2023 Research and Study

  • Commentary
  • publication date:2023/11/22

International North-South Transportation Corridor and Russia-NIS: Growing Interest in and Importance of War and Sanctions

MEIJ Commentary No.3

Mizuki Chuman,

Research Fellow,

Japan Association for Trade with Russia & NIS (ROTOBO)



Over six months since Russia’s invasion of Ukraine on February 24, 2022, the war between the two countries continues. In addition to the relations between Russia and Ukraine, the war has brought about several shifts in international relations. One of these changes is foreign economic relations, especially in logistics and trade.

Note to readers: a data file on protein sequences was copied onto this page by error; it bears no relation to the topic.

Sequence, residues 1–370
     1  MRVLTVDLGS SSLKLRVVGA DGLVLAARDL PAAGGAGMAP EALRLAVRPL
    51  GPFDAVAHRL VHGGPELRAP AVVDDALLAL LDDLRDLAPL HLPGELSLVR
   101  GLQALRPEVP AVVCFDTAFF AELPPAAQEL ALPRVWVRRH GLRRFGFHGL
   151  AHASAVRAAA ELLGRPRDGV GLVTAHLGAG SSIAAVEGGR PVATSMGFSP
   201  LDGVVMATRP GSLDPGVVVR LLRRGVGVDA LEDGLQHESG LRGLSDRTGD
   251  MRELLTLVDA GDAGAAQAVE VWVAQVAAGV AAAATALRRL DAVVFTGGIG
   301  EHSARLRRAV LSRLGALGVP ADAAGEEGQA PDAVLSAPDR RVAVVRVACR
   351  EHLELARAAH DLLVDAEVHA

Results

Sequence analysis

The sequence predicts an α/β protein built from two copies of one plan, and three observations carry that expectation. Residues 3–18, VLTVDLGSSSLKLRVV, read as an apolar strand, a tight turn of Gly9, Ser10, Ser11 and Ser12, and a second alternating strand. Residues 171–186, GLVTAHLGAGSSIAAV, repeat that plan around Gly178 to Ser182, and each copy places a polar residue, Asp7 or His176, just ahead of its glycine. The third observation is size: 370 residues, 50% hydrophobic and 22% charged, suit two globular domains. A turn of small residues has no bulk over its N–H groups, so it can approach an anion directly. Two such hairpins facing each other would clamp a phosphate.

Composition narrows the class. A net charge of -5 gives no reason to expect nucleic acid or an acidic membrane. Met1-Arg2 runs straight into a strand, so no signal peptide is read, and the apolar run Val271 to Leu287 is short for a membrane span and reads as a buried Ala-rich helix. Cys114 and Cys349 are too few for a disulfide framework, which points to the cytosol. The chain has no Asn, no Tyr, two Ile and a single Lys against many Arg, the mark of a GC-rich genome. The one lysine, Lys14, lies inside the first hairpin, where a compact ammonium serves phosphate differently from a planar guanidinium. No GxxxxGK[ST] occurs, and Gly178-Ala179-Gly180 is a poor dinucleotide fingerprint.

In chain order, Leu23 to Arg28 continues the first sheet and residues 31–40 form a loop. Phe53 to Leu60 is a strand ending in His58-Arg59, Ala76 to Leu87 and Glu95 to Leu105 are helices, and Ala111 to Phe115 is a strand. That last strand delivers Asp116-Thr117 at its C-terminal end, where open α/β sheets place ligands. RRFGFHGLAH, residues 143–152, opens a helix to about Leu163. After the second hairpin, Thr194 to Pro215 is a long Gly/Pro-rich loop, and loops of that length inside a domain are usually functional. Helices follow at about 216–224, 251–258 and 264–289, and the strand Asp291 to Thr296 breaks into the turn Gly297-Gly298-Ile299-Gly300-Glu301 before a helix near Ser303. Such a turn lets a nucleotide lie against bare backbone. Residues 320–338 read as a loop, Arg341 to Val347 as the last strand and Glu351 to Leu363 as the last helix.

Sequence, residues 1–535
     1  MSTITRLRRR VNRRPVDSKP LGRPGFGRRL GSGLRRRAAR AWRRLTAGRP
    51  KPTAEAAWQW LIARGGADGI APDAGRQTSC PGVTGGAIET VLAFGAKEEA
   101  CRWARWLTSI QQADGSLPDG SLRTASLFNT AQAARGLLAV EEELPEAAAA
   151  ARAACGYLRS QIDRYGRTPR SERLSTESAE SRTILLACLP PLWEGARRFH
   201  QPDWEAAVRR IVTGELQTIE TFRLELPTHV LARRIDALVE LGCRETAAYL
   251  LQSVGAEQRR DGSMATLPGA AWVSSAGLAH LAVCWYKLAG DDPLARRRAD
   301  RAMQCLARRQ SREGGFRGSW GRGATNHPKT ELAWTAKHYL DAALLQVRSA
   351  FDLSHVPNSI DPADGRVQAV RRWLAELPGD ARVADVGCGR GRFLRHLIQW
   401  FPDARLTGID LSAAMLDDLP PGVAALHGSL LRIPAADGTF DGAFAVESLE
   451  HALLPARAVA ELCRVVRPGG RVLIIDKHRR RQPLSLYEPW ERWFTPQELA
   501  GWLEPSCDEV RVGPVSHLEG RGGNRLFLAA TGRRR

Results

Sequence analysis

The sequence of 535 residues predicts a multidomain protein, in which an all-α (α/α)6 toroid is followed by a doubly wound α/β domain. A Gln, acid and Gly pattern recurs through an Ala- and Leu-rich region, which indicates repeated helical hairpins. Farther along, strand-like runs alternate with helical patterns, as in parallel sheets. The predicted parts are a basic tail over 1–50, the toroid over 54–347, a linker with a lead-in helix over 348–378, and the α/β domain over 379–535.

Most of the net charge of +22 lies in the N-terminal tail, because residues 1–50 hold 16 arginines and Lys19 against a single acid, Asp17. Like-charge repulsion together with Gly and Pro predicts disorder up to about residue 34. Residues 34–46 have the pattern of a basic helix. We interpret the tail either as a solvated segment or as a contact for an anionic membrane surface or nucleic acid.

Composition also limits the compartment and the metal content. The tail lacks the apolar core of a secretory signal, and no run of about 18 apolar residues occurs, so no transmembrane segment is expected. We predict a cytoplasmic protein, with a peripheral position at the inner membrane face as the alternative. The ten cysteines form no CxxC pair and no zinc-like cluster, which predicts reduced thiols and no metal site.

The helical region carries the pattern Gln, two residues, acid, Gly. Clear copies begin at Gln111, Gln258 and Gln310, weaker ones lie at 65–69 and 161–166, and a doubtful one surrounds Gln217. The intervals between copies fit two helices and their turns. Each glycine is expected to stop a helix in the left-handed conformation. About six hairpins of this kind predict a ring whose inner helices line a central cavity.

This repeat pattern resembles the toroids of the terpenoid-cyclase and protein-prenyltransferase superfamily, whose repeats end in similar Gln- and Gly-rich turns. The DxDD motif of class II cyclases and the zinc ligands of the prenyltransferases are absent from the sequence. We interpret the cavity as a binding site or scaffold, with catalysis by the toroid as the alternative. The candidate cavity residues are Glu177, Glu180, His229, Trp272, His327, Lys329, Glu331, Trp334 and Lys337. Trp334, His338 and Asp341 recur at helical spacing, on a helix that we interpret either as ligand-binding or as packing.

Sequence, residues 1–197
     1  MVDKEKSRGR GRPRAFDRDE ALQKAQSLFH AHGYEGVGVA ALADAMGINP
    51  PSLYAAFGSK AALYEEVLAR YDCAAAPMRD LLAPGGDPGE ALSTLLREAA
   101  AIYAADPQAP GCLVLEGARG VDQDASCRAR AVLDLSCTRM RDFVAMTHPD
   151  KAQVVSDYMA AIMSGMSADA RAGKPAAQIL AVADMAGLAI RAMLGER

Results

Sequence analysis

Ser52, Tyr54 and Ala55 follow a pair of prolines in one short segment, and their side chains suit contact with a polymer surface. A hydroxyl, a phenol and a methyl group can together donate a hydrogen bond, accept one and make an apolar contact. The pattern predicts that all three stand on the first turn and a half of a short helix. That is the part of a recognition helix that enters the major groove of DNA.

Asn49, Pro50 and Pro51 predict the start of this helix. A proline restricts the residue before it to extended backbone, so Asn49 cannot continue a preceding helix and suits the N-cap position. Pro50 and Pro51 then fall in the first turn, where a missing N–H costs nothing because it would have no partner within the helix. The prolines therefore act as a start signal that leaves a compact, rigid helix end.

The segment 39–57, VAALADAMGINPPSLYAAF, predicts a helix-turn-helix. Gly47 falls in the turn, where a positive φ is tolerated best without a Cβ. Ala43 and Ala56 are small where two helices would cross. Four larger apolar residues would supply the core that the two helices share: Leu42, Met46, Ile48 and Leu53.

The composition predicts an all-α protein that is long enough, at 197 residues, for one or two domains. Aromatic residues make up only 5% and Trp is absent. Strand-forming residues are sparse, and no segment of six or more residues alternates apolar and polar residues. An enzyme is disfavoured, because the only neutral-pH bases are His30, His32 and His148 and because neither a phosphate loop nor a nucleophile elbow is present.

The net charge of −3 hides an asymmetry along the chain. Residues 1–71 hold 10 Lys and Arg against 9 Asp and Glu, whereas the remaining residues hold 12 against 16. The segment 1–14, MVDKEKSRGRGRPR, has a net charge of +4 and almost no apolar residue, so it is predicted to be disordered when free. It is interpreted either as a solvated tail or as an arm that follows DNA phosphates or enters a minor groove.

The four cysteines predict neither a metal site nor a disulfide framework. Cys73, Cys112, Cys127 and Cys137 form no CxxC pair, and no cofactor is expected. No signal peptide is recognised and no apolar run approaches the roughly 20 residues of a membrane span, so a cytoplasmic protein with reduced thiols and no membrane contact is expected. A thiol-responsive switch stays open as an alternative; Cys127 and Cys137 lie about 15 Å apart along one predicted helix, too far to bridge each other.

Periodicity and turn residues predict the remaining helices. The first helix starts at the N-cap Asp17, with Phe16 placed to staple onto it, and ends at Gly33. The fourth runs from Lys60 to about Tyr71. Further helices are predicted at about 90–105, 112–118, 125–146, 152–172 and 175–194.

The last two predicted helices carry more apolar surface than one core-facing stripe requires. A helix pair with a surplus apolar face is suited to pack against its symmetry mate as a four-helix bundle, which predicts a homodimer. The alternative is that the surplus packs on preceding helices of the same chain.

As sanctions against Russia intensify, primarily from the US and Europe, Western countries have focused on developing logistics and trade routes that bypass Russia. On the other hand, Russia is also trying to avoid the impact of sanctions by shifting logistics and trade that had previously centered on the “West” to the “East” and “South.” The International North-South Transport Corridor (INSTC) has attracted attention amidst this, and this paper addresses the significance and importance of the INSTC for Russia and NIS countries. Why are we seeing so much interest in realizing the INSTC now, more than 20 years after it was proposed? What are the bottlenecks that prevented its materialization? Let us consider these questions from the perspective of Russia and NIS.


1. Russian Politics, Economy, Diplomacy, and Connectivity